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RE: st: When number of regressors greaterthan the number of clusters in OLS regression


From   Divya Balasubramaniam <divya@uga.edu>
To   statalist@hsphsun2.harvard.edu
Subject   RE: st: When number of regressors greaterthan the number of clusters in OLS regression
Date   Tue, 2 Sep 2008 08:32:00 -0400 (EDT)

Hello Dr.Cox,

Thanks a lot for pointing the issue on the share variable. I will look into the reference.

Divya.

---- Original message ----
>Date: Tue, 2 Sep 2008 12:57:57 +0100
>From: "Nick Cox" <n.j.cox@durham.ac.uk>  
>Subject: RE: st: When number of regressors greater than the number of clusters in OLS regression  
>To: <statalist@hsphsun2.harvard.edu>
>
>In the back-and-forth with several penetrating comments from Mark
>Schaffer and Steve Samuels one key question was raised by Steve but not
>as far as I can see really answered and another key question was not
>raised at all. 
>
>First off, at the risk of being obvious, states for which data are
>available as sampled population seem most unlikely on the face of it to
>be a undistorted sample of the target population, presumably all India.
>My guess would be that various states with no data, say those in remote
>or mountainous areas or politically or militarily sensitive, are also
>often states with low provision. (I'll bet Kashmir or Himachal Pradesh
>is not in the 17, for example.) As your research question seems likely
>to entail extra-statistical inference to all India, it would be vital to
>take account as far as you possibly can of the likely biases. For
>example, you could try to see where the 17 lie in the all-India
>frequency distributions for your predictors or for other
>standard-of-living measures or proxies. 
>
>Second, share whether measured as proportion (0-1) or percent (0-100%)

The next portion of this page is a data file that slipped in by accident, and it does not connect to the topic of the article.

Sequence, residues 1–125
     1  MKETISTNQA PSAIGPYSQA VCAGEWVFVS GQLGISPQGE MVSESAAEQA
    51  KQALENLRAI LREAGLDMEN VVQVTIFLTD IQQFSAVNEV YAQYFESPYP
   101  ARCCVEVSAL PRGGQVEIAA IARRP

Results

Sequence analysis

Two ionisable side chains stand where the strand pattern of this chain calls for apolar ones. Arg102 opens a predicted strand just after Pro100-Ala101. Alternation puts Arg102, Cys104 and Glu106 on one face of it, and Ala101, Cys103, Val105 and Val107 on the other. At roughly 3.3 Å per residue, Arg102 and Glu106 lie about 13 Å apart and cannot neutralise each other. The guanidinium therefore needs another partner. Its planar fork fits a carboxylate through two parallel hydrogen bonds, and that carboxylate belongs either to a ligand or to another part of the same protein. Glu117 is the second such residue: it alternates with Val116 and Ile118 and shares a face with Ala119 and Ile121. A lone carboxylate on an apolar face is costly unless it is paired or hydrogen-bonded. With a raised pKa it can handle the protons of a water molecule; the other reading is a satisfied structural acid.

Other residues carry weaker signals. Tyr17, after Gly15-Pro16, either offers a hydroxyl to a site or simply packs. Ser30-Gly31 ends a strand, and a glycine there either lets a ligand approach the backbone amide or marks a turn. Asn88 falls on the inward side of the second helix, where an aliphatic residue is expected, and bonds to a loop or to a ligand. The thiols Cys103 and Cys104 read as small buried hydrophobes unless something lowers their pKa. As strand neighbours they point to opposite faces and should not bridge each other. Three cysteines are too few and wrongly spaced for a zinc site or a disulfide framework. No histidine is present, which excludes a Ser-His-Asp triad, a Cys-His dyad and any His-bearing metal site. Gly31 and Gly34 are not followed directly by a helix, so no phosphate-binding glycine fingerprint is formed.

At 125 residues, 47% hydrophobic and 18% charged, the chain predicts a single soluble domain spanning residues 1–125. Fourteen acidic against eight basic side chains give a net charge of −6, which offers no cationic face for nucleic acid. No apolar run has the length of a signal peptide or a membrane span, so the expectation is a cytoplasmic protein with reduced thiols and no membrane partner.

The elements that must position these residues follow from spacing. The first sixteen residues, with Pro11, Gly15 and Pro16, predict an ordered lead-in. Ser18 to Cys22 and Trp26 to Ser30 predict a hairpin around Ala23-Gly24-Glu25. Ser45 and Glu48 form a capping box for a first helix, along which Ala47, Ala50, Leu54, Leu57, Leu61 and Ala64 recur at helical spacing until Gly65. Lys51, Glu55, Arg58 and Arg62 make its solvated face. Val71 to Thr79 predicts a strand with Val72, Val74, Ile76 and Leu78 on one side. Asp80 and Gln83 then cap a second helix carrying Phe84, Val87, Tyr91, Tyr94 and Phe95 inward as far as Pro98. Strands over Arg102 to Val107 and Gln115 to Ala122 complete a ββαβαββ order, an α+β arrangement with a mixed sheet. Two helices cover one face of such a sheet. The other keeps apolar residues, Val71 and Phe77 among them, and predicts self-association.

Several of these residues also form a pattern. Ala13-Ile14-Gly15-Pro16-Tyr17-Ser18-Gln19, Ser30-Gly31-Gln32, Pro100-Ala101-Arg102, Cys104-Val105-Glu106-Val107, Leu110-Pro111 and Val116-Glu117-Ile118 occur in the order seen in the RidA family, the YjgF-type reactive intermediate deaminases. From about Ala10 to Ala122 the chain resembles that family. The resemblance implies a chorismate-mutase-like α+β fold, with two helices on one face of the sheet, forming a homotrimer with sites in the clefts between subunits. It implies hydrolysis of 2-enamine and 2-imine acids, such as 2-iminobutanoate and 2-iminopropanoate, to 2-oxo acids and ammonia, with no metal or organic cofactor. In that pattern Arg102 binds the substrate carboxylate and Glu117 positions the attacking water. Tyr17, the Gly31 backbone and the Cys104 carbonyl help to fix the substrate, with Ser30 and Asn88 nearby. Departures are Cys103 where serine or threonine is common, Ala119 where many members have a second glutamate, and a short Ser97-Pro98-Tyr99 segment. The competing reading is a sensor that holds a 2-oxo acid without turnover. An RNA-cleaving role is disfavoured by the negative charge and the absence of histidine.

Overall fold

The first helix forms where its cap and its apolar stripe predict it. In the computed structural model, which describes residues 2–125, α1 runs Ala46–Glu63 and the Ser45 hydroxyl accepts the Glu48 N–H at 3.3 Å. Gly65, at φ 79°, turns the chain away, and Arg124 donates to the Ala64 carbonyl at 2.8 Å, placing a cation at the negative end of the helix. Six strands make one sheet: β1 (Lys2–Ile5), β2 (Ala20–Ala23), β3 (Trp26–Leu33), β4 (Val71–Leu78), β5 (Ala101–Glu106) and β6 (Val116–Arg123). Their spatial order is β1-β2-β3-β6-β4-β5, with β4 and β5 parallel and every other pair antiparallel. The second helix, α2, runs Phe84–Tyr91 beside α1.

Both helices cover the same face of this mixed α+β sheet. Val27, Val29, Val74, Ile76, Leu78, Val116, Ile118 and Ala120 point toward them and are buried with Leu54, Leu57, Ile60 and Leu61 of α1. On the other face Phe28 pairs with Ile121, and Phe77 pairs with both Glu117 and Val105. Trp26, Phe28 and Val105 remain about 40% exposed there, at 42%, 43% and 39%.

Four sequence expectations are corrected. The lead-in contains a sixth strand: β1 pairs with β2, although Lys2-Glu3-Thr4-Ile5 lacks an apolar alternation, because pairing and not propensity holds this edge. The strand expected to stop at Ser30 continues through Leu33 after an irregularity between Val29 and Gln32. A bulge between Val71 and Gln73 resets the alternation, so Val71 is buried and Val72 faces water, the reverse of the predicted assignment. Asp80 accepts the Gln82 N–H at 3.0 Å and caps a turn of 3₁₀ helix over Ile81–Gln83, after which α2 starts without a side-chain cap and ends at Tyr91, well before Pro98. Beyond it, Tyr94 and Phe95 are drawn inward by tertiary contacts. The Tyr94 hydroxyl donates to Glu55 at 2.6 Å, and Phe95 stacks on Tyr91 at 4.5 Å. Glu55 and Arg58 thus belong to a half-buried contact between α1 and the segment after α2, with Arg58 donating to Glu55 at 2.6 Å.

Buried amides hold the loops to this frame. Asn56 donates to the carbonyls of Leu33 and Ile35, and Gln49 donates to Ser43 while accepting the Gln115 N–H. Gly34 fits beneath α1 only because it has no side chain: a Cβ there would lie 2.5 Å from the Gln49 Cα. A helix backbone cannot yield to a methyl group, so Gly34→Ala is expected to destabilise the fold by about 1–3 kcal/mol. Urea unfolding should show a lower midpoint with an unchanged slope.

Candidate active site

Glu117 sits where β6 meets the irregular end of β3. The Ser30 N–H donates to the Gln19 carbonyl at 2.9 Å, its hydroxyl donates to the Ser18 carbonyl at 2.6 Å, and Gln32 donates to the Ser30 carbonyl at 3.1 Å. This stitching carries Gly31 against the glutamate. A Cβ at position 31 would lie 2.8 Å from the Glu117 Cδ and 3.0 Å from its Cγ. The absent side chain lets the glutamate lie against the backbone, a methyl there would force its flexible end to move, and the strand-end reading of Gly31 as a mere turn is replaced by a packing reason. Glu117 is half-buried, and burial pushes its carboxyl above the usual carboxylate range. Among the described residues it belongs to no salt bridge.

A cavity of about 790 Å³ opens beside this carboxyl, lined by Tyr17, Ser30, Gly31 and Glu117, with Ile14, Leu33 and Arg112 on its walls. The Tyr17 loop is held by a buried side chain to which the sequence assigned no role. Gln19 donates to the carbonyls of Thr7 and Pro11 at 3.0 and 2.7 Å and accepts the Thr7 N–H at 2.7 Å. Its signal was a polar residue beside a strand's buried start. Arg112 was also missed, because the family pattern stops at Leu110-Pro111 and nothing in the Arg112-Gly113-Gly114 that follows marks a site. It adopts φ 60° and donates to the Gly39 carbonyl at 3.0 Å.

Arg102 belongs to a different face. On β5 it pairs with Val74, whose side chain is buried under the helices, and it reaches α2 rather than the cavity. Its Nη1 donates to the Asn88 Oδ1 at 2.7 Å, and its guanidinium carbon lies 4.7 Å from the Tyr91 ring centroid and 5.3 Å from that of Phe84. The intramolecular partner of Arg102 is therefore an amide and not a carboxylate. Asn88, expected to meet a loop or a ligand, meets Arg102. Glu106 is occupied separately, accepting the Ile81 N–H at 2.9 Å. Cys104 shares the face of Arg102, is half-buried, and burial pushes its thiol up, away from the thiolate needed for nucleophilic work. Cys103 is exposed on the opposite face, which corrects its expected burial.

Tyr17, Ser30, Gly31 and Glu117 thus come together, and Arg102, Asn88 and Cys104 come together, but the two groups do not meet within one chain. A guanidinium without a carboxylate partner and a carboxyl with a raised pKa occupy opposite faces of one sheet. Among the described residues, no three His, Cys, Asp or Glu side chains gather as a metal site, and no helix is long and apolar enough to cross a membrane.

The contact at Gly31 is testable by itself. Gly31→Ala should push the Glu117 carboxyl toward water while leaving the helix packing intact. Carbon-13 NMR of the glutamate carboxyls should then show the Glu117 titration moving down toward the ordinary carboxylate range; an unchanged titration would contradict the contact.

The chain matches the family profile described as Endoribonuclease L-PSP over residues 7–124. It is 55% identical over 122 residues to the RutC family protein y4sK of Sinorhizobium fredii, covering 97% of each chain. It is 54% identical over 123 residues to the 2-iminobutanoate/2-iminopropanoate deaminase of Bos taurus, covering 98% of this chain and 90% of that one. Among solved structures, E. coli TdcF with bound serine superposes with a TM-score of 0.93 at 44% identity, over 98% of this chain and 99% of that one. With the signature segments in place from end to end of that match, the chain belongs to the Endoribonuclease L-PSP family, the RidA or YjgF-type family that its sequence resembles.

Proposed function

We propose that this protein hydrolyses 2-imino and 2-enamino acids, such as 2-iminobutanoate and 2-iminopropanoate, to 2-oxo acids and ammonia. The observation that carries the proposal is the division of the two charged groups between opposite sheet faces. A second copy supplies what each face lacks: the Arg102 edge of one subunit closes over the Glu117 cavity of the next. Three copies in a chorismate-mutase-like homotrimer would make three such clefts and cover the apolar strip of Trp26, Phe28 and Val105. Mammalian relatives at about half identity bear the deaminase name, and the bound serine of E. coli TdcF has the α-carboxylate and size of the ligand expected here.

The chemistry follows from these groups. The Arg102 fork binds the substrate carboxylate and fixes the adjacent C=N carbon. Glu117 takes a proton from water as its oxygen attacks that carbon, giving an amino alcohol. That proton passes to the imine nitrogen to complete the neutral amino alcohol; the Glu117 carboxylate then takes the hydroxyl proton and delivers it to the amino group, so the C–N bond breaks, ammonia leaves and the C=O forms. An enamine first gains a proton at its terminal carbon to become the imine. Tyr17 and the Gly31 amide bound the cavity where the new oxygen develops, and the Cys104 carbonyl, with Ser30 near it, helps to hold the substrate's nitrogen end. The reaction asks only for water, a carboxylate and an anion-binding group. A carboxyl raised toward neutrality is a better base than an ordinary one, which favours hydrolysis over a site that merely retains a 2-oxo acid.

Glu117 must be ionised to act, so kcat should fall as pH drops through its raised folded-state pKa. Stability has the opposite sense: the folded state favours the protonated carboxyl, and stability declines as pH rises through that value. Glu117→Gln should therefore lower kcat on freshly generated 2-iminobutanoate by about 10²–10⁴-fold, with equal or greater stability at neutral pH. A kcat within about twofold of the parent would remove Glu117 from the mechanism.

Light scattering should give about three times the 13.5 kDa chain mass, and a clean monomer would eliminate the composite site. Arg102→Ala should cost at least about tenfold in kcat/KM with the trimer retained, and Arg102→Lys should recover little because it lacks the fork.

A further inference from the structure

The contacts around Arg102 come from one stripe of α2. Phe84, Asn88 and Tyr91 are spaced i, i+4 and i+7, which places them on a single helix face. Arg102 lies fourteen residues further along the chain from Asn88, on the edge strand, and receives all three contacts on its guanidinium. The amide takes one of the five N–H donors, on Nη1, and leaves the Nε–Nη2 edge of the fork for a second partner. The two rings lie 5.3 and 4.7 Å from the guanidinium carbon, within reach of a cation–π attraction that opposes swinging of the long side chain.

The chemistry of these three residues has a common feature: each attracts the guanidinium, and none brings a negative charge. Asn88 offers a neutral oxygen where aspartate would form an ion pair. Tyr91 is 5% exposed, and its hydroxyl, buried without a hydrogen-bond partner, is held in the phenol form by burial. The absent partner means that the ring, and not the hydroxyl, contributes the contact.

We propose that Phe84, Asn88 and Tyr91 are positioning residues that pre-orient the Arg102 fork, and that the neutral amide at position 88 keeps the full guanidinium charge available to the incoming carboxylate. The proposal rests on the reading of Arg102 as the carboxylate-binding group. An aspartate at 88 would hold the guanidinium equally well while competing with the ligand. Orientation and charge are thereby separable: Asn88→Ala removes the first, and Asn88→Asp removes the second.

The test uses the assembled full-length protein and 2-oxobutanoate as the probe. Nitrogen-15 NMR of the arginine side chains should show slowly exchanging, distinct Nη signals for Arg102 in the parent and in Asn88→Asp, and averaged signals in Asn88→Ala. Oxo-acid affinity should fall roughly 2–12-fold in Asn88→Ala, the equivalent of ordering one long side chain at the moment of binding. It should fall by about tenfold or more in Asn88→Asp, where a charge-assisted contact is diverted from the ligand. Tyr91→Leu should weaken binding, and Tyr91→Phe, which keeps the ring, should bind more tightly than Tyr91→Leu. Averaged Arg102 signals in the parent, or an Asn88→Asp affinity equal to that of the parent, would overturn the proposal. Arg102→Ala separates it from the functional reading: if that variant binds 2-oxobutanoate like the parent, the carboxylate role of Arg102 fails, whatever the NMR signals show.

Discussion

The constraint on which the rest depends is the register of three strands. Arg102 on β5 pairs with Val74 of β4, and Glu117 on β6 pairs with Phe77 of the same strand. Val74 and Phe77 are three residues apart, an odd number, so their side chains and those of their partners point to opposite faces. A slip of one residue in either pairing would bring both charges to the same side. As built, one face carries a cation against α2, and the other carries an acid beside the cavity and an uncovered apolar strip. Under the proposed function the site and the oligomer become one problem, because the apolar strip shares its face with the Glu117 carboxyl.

>is bounded and that raises the question, often addressed on this list,
>of whether your modelling should pay direct attention to that. There is
>nothing in standard regression that guarantees predictions for such a
>response within feasible ranges, and worrying econometrics-style about
>how to handle the error term should surely take second place to thinking
>about the best handling of the response variable! At best this may not
>bite much in practice if values are near the middle of the range, 0.5 or
>50%, and vary little. However, a wild guess is that your likely range is
>much larger than that and that values near 0.1 or 0.9 may arise in some
>districts. The problem will be compounded if your project tempts you
>into making out-of-sample predictions for areas where share is expected
>to be low. 
>
>Kit Baum recently surveyed the leading options here in a concise and
>highly informative Stata Journal Tip: 
>
>SJ-8-2  st0147  . . . . . . . . . . . . . . Stata tip 63: Modeling
>proportions
>        . . . . . . . . . . . . . . . . . . . . . . . . . . . . . . C.
>F. Baum
>        Q2/08   SJ 8(2):299--303                                 (no
>commands)
>        tip on how to model a response variable that appears
>        as a proportion or fraction
>
>and, as said, there has been much discussion on the list on how to
>handle proportional responses.   
>
>Nick
>n.j.cox@durham.ac.uk 
>
>Divya Balasubramaniam
>
>Thank you all for your invaluable suggestions. I really appreciate it.
>
>
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=======================================
Divya Balasubramaniam
Economics PhD Student
Terry College of Business
University of Georgia
Athens -30602.
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